These patients receive safety labs, cognitive testing, MRI scans every three months. Three patients have already had a year of therapy, and two of these have been approved for a special access program by the Australian government to allow continued treatment of their Alzheimer's disease with XPro1595. We continue to study these patients, and you will hear more about them in the future. In summary, the short trial in a small number of patients clearly shows that XPro1595 quickly decreases neuroinflammation, resulting in positive changes in the CSF proteome and in MRI scans using very sophisticated measures that you will see an example of if you go back to the KOL webinar.

All of this correlates with what we've seen in animal models. We remain committed to starting a blinded, randomized, placebo-controlled Phase 2 clinical trial in the second half of the year. We have a bit more work to do before we release the precise design of the Phase 2 trial, and we continue to enroll patients in the ongoing Phase 1 trial and continue to mine the extensive data set that we have and are generating. What we have learned and are learning from these patients will prove invaluable as we design the best possible Phase 2 trial for the development of XPro1595 in Alzheimer's disease.

A second CNS trial we plan to initiate this year is in treatment-resistant depression, or TRD. In September, we announced that we were awarded a large up to a $2.9 million grant from the SBIR -- from SBIR grant from the NIH to support a Phase 2 trial of XPro1595 in patients with treatment-resistant depression. We will conduct this trial in collaboration with two of the world's pioneers in the field, Professor Andy Miller and Associate Professor Jen Felger, both at Emory University. Dr.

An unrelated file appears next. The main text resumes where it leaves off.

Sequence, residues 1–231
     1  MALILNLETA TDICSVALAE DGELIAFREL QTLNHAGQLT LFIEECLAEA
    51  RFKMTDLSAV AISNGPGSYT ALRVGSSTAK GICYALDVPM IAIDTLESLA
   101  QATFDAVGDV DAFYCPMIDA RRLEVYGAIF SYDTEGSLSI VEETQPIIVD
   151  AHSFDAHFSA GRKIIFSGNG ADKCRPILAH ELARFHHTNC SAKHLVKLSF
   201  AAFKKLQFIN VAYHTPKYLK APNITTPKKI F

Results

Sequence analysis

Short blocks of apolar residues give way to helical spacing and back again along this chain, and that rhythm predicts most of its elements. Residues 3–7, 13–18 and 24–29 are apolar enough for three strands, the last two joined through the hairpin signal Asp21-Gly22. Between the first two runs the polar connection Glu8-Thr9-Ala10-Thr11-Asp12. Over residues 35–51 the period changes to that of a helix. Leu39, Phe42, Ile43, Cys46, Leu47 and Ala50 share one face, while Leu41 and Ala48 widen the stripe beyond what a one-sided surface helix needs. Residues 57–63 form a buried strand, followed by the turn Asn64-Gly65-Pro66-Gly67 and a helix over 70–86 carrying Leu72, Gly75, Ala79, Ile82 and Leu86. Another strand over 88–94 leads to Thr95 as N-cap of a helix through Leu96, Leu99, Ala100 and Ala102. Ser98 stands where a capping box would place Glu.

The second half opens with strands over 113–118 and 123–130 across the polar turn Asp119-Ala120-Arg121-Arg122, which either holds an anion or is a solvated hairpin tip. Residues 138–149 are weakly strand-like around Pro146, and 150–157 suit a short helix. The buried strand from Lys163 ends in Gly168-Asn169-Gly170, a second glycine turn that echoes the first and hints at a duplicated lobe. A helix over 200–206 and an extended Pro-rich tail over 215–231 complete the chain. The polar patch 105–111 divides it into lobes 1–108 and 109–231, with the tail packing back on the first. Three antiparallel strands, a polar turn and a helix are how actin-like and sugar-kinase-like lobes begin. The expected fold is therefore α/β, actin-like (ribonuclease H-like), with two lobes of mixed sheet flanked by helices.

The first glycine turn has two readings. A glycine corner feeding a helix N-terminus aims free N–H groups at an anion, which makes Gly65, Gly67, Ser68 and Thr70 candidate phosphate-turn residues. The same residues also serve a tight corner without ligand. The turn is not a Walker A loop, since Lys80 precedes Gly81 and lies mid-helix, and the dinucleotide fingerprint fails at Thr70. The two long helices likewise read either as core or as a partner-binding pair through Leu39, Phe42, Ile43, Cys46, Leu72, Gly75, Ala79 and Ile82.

Miller is the pioneer in the role of neuroinflammation and depression, having described the problem in the early days of interferon therapy for cancer. Then going on to publish the first study demonstrating that targeting TNF improves depressive symptoms in patients with elevated biomarkers of inflammation. In addition, Dr. Felger discovered that the connectivity between two measures of the brain, as measured by MRI, that are vital for feelings of pleasure and motivation are lost in depressed patients with inflammation.

Our hypothesis is once again simple, XPro1595 will decrease neuroinflammation, improve clinical symptoms and restore connectivity between these vital regions of the brain, as measured by clinical criteria and by MRI. TRD, treatment-resistant depression is a neuroinflammation program that leverages a lot of what we're learning during the Phase 1 trial in Alzheimer's disease. As with the AD trial, the TRD trial, we use biomarkers of inflammation to confirm diagnosis, enroll patients and determine response to XPro therapy. The use of biomarkers is a novel approach to psychiatric drug development.